Unlocking Peace and Prosperity: How to Resolve Maritime Border Disputes in the Eastern Mediterranean Sea?

​​Research Re​port

Researcher
Roudi Baroudi, Energy consultant, CEO of Energy & Environment Holding (Doha)

Energy Policy annd Security Program, March 2020

Disclaim​​er

The name of “Israel” in this paper does​ not entail by any chance the recognition of the state of Israel by the Republic of Lebanon, the American University of Beirut, the Issam Fares Institute or the author of this document.​
​​

Executive Su​​mmary

The Eastern Mediterranean Sea (East Med) is rimmed by seven coastal states – Cyprus, Egypt, Greece, Occupied Palestine (Israel), Lebanon, Syria, and Turkey, along with the special case of Gaza – with an overall maritime frontier area of 464,637 km2, compared to 21 states and 2.5 million km2 for the Mediterranean Sea as a whole. Five new offshore hydrocarbon stores have been recently discovered in the East Med, comprising an estimated 67.1 trillion cubic feet (TcF) and with a present-day value of approximately $200 billion. Despite the promise of significant lucre, only two of the five discoveries are on track to be developed. These are Leviathan, discovered off the coast of Israel in December 2010 and reported to hold over 16 TcF in gas reserves; and Zohr, discovered off the shores of Egypt in August 2015 and reported to be even larger, at 30 TcF.

Under the relevant United Nations guidelines and the applicable Rules of Procedure, the East Med region currently has 12 main maritime boundaries that should be defined in order to fully delineate the offshore spaces belonging to Cyprus, Egypt, Greece, Israel, Lebanon, Syria, and Turkey. Of these borders, only two – Cyprus-Egypt and Cyprus- Israel – have been agreed upon in bilateral treaties, leaving 10 (or 83 percent) of the region’s maritime boundaries unresolved and/or in dispute. This amounts to approximately 220 nautical miles (407 km) of maritime boundaries that are treatied, leaving 1,223 nautical miles (or 84 percent of the total) of the boundary areas unresolved.

As of December 2019, all seven coastal states in the Eastern Mediterranean had active offshore hydrocarbon industries, with 231 available oil and gas blocks covering a total maritime area of 314,600 km2. This area represents about 68 percent of the region’s total offshore waters. Of the presentday blocks expected to be put on offer, up to 40 percent can be classified as “contentious” due to uncertainties regarding the precise locations of the relevant maritime boundaries. Unless the problems surrounding most of these boundaries are satisfactorily resolved, future economic development stemming from seabed hydrocarbon discoveries and exploitation will be negatively affected, thereby reducing overall revenues for the region.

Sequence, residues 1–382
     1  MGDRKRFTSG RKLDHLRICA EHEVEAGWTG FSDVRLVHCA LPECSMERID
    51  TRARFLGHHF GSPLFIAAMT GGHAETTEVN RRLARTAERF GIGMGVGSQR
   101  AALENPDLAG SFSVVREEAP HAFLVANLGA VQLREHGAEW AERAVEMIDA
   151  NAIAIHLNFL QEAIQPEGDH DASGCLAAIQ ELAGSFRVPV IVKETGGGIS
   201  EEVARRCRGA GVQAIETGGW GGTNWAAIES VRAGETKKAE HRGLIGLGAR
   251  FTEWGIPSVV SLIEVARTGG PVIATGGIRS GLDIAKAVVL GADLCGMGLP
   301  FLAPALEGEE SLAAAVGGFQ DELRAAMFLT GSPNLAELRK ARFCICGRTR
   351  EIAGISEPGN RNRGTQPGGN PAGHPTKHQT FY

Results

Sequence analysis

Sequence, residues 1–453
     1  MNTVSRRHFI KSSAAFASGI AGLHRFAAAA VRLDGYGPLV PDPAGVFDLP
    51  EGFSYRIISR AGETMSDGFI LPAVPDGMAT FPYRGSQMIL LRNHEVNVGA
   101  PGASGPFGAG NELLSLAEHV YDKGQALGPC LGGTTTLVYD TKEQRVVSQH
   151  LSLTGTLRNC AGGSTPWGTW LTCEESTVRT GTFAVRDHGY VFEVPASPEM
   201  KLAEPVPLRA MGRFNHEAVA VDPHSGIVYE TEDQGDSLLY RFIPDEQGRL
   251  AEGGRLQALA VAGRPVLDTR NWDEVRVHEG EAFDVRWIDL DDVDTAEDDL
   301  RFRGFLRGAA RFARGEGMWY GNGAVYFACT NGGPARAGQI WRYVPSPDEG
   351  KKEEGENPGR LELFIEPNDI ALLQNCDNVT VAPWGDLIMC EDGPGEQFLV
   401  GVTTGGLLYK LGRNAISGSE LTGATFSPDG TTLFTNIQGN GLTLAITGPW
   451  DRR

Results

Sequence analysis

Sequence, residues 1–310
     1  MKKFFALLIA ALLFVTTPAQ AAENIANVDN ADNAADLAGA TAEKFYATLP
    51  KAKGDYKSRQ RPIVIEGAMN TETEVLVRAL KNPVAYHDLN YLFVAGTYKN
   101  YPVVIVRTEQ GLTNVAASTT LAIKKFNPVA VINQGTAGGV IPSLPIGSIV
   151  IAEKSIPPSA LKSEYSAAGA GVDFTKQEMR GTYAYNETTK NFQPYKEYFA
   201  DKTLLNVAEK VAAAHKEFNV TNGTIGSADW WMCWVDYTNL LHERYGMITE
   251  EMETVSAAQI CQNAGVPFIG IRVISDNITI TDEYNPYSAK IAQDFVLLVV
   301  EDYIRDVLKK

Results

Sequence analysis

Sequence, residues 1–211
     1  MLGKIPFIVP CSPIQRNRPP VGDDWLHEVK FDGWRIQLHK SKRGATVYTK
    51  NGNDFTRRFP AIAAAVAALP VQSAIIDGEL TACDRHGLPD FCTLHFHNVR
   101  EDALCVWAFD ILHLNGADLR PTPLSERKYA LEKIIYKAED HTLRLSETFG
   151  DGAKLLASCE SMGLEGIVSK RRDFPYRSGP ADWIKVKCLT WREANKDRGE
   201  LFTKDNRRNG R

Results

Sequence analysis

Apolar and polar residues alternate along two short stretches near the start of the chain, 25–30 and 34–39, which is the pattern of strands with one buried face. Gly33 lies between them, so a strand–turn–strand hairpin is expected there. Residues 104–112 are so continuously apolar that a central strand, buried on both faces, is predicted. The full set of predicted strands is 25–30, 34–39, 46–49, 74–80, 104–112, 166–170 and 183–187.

Of vital importance here is the fact that the absence of officially delineated maritime boundaries affects not only exploration and development work, but also the construction and operation of underwater pipelines. In this context, the recently proposed pipeline that would carry Israeli gas 2,000 km from Cyprus to Italy, via Crete and the Greek mainland, may be a nonstarter. Basic feasibility mapping should have revealed that the route crosses “un-treatied” boundaries, including one contested between Greece and Turkey, which will render it unworkable unless and until competing claims are resolved.

The boundary locations have been computed by calculating the “suggested starting positions” (based on hypothetical strict lines of equidistance) favored by international courts and tribunals, as well as by consulting the latest mapping of the relevant countries’ territorial sea baseline models. This highly accurate data will also show how and where the oil and gas blocks defined by individual states overlap with one another based on the computations of suggested maritime boundary locations.

For the purpose of this study, the author wishes to stress the importance of science and law working together to resolve maritime boundary disputes, as outlined in the United Nations Convention on the Law of the Sea (UNCLOS). The Law of the Sea is governed by a special treaty regime consisting of the Geneva Conventions concluded in 1958, along with the UNCLOS document itself, which was signed in 1982 and entered into force in 1994. UNCLOS includes basic rules and principles for the fair and accurate delimitation of the various zones of control described therein: i.e., the territorial sea, the contiguous zone, the Exclusive Economic Zone (EEZ), and the continental shelf (including the extended continental shelf, or ECS).

As we shall see below, Law of the Sea applications have been used successfully in many different contexts. There can be no doubt: when and if the countries of the Eastern Mediterranean decide to adhere to the UN Charter and resolve their maritime disputes peacefully, they will have the tools to do so. There is, however, n​o ​time to waste, as evidenced by the steady build-up of outside naval forces in the region over the past few years.​

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